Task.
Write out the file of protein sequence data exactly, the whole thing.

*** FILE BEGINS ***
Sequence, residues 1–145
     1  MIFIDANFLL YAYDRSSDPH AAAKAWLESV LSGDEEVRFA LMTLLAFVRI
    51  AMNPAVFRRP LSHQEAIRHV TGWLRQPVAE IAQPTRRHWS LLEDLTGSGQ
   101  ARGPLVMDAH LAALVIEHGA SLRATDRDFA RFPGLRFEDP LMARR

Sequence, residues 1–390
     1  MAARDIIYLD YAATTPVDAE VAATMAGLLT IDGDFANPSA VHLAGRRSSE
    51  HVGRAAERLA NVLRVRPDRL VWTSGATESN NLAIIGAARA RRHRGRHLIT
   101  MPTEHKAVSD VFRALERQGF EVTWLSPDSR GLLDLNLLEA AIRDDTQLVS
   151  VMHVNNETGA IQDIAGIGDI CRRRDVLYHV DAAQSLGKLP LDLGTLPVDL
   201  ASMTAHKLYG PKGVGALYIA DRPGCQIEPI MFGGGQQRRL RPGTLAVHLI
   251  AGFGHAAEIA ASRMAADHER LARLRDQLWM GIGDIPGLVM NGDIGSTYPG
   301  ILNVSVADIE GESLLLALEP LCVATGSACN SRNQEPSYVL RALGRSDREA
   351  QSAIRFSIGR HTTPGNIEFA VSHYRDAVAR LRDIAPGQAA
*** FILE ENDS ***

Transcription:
Sequence, residues 1–145
     1  MIFIDANFLL YAYDRSSDPH AAAKAWLESV LSGDEEVRFA LMTLLAFVRI
    51  AMNPAVFRRP LSHQEAIRHV TGWLRQPVAE IAQPTRRHWS LLEDLTGSGQ
   101  ARGPLVMDAH LAALVIEHGA SLRATDRDFA RFPGLRFEDP LMARR

Sequence, residues 1–390
     1  MAARDIIYLD YAATTPVDAE VAATMAGLLT IDGDFANPSA VHLAGRRSSE
    51  HVGRAAERLA NVLRVRPDRL VWTSGATESN NLAIIGAARA RRHRGRHLIT
   101  MPTEHKAVSD VFRALERQGF EVTWLSPDSR GLLDLNLLEA AIRDDTQLVS
   151  VMHVNNETGA IQDIAGIGDI CRRRDVLYHV DAAQSLGKLP LDLGTLPVDL
   201  ASMTAHKLYG PKGVGALYIA DRPGCQIEPI MFGGGQQRRL RPGTLAVHLI
   251  AGFGHAAEIA ASRMAADHER LARLRDQLWM GIGDIPGLVM NGDIGSTYPG
   301  ILNVSVADIE GESLLLALEP LCVATGSACN SRNQEPSYVL RALGRSDREA
   351  QSAIRFSIGR HTTPGNIEFA VSHYRDAVAR LRDIAPGQAA